Naripokkho and CARE have facilitated linkages between sex workers organisations in Bangladesh and Durbar Mahila Shomonnoy Committee in Kolkata, India and we have participated in the big festival they organised for International Sex Workers Day (3 March). We have seen that this kind of exchange can be empowering for sex workers who are not only at the bottom of our society in ‘moral’ terms, but also restricted in their physical movements. I remember Nasreen telling me about the experience of pasting hand written posters in public spaces in Narayanganj at the height of the Tanbazaar movement. The few sex workers who joined the Naripokkho members and Shonghoti activists in this protest activity were feeling very inhibited and nervous as they had never done anything so public! Many sex workers had never ventured out of their brothels. The first time they joined the International Women’s Day march in 1992 was a major breakthrough for them. It opened up a whole other world for them and gave them a sense of freedom and the feeling of a rightful place in the women’s movement.
Undoubtedly, such alliance building be it within Bangladesh as happened with Shonghoti or across borders gives strength to one of the most marginalized groups of women to claim a rightful place in society and their identity as citizens.
The kinds of alliance/exchanges that we have avoided even though they have been instrumental in opening up space for different/diverse sexualities are the HIV/AIDS and anti-trafficking fora. The framing of sexual rights issues either within a disease framework or a crime framework makes it difficult to go beyond the discussion of abuse.
Please tell us more about yourself. How did you start the work you do?
I was a research student when I got involved with the founding of Naripokkho. I was back in Bangladesh to do my fieldwork for a Ph.D in Social Anthropology at the University of Sussex, but got distracted by the beginning of Naripokkho among other more exciting things. Later in 1987 I took up a full time job as a development advisor to Danida (Danish International Development Agency). Except for a two year unpaid leave during 2001-2002 I put in more than the 40 hour week until December 2006 when I left for personal reasons. My engagement with Naripokkho is on a voluntary basis. At the time of joining Danida I made my involvement with Naripokkho clear and whenever I had to use day time work hours for something urgent at Naripokkho I either took leave or compensated with overtime work. Because I was such a workaholic I was putting in extra hours at Danida anyway, so my weekends and evenings and holidays were frequently used up for Naripokkho. For the most part I was lucky not to have a ‘triple day’ as I lived with my mother and sister who provided not only unstilted support for everything I wanted to do but took care of many of the practical things like household management and childcare etc. They were also my greatest inspiration to carry on. My sister, of course, was a comrade in the movement, a fellow fighter in Naripokkho, my confidante and a mother to my son. My mother and my sister made it possible for example to provide shelter in our home to several sex workers after the Tanbazaar eviction.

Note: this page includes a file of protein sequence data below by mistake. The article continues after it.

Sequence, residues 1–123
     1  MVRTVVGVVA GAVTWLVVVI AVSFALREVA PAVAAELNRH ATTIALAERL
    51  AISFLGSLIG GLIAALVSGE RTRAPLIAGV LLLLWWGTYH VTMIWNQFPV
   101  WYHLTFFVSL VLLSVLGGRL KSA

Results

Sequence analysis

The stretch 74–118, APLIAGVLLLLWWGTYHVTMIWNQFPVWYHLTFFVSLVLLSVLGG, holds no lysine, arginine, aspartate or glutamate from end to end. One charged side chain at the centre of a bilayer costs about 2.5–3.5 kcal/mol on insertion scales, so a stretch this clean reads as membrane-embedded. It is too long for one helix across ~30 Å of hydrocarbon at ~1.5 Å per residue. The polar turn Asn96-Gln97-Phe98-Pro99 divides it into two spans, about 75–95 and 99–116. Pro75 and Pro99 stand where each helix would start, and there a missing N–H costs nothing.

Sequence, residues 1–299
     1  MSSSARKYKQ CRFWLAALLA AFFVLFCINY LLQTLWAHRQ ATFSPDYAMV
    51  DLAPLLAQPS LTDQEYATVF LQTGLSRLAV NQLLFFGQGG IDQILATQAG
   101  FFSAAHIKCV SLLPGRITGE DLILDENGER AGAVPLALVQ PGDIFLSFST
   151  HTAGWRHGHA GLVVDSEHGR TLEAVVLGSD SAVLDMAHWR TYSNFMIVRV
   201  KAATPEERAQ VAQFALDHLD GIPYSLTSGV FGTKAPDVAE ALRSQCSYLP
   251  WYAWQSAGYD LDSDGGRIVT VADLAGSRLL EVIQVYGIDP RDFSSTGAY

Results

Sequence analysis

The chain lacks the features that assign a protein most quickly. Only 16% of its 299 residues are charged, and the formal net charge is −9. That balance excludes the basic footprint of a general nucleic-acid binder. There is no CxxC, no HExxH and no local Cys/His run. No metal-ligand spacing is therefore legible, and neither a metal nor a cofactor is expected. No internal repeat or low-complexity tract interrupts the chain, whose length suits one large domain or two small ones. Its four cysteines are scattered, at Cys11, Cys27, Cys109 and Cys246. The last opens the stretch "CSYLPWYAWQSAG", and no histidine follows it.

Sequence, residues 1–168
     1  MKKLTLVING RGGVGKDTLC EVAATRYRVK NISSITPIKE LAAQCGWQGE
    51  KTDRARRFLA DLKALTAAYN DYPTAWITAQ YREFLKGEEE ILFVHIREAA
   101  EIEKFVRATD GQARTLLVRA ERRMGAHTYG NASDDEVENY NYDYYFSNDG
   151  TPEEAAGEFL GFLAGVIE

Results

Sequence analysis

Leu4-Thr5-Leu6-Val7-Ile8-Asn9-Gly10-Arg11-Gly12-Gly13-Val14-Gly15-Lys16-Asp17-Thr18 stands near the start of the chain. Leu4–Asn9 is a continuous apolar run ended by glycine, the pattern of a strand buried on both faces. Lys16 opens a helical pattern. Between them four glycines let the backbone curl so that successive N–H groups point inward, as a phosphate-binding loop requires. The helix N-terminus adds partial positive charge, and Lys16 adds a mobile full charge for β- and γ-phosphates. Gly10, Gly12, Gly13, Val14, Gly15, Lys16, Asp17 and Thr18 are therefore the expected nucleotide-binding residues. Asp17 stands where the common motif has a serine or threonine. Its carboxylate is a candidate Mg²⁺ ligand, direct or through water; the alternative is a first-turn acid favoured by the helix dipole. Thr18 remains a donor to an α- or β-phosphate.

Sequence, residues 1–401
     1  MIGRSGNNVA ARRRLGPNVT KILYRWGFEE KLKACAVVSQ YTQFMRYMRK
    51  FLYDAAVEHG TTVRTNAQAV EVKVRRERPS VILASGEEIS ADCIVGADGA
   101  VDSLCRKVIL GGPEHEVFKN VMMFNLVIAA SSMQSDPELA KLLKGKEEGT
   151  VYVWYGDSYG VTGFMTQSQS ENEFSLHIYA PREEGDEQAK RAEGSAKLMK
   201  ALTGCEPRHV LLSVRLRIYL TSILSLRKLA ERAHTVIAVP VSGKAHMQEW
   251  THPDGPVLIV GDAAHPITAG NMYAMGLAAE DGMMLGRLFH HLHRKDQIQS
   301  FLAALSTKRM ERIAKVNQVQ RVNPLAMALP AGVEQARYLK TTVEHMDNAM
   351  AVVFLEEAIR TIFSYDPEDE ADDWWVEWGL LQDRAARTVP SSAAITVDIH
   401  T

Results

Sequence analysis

Whew! What about burn out?
Actually, now I realise the cost of those long hours of work and how it has affected me in terms of burn-out. In those days most people within the movement had to put in that kind of work because of the necessity of having a livelihood as well as being involved in movement work. The NGO-isation of movement work has made it possible for many to have paid employment in work that supports movement building etc. I don’t know if this has been a good development or not and whether we should stop bemoaning the end of voluntarism and accept the practical resolution between livelihood needs and one’s ‘mission in life’. People are lucky if they can be paid to do movement work.
Of course my job at Danida, a bilateral aid agency, and my work in Naripokkho was not poles apart. As Adviser, Women’s Development I was often able to advance different parts of the women’s movement agenda. I was, for example, instrumental in the design and installation of the Government of Bangladesh’s Multi-Sectoral Programme on Violence Against Women (MSP-VAW), a programme to put in place comprehensive services for violence survivors. I was able to use my position in a bilateral agency to leverage the Ministry of Women and Children Affairs to undertake the piloting of the MSP-VAW. The ideas and the inspiration to do so came from being part of Naripokkho and the women’s movement in Bangladesh and in particular my acquaintance with Shanthi Dairiam of IWRAW Asia Pacific through whom I had learnt about similar work in Malaysia.
What keeps you going?
I don’t think I’m really going anymore (laughs)… Naripokkho and I keep each other going…
1. Joya Sikdar is one of the founders of Badhon Hijra Shongho and the current president of the Sex Workers Network of Bangladesh
2. Evan Ahmed Kotha is also a member of Badhon Hijra Shongho
3. Doorbar Network is at present organized in to 16 Anchals (Regions) in Bangladesh.
Shireen Pervin Huq is an active member of the women’s movement in Bangladesh for over 25 years and a founder member of Naripokkho. For 20 years Shireen has worked for the Danish development assistance programme in Bangladesh, first as the Adviser Women’s Development and later as the Deputy Programme Coordinator for the Human Rights and Good Governance Programme. She has also done training on Gender, Rights and Development in Bangladesh as well as other parts of the world.